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IIn the heart of Cape Town, on St George’s Mall, stands a century-old building designed by the famous architect Sir Herbert Baker. Built in 1903 to house the newly founded De Beers mining corporation, it was donated to the Mandela Rhodes Foundation in 2003 and now serves as their headquarters.
For many years the beautiful building, with granite quarried from Table Mountain, was known as Rhodes House after Cecil John Rhodes. Rhodes began a scholarship programme in the early 1900s to award bright young minds with the ability to study at Oxford University in England. In recent years the scholarship was taken on by Nelson Mandela, with the Mandela Rhodes Foundation being formed.
TToday Mandela Rhodes House not only forms the headquarters for the Foundation, but also has a number of rooms rented out to similar institutions. The top floor is used as a penthouse for VIPs and guests of the Foundation.
Mandela Rhodes Building
NNearby, a modern multi-storey building called Mandela Rhodes Place hosts a hotel, retail space and apartments. Four other historic buildings have been restored and integrated into the general area of the Mandela Rhodes Building.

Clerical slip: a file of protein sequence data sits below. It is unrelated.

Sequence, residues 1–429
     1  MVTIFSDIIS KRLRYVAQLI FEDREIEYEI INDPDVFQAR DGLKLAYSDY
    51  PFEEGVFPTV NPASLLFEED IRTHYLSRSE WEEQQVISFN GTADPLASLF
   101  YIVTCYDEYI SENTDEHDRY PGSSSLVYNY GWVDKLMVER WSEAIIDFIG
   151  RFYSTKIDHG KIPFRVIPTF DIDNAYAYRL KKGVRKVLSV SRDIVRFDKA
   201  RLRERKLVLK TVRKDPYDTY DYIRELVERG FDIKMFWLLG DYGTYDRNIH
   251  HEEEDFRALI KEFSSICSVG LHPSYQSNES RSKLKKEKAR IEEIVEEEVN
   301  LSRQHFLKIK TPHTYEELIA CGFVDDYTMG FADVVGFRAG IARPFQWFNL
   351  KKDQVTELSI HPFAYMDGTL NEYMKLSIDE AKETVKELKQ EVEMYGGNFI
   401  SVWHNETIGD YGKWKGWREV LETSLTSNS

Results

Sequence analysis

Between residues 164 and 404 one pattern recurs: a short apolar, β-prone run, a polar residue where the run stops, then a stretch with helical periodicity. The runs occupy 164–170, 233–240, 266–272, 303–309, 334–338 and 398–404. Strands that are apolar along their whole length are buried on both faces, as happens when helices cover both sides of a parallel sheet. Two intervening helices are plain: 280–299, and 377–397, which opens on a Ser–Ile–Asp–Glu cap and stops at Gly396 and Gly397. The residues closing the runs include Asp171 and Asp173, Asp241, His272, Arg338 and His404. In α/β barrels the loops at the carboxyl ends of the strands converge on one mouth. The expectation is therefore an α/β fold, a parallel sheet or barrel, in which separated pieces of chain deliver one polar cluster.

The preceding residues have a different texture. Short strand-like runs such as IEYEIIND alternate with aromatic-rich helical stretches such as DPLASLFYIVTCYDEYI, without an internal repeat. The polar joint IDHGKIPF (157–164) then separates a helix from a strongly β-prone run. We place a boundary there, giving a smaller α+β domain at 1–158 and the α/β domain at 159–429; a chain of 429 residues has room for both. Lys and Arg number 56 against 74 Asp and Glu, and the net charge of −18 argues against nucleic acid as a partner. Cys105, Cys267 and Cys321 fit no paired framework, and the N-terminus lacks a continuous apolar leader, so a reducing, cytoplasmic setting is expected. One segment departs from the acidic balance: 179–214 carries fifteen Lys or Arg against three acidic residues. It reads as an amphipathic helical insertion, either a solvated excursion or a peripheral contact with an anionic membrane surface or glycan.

The nearby hotel, which is linked to the Mandela Rhodes Building, shows Madiba’s life in 14 stages. From his childhood to his death, you can find information on how he lived and changed the face of South Africa forever. Along with artworks depicting him, there are a number of paintings and sculptures of other great struggle heroes such as Desmond Tutu. Be on the lookout for a piece of the Berlin Wall, which was gifted to Tata Madiba. The piece now sits outside the Mandela Rhodes House, symbolising freedom from oppression.
Cape Town is South Africa’s oldest city, but its encircling mountains, Devil’s Peak, Table Mountain and Lion’s Head, have witnessed a longer history than that described by its surviving historic buildings.
The Western Cape was the first place that Europeans settled in the country, in 1652 when Jan van Riebeeck’s three vessels landed at the Cape. As employees of the Dutch East India Company, they had come to establish a halfway station for ships travelling to and from the East. Their influence is evident in the buildings, some of which are 350 years old, and culture of the Western Cape.
Experience music, dance and food from across the country, as well as Tsonga crafts and Zulu beer-brewing; and don’t forget the magical clicking language of the San people.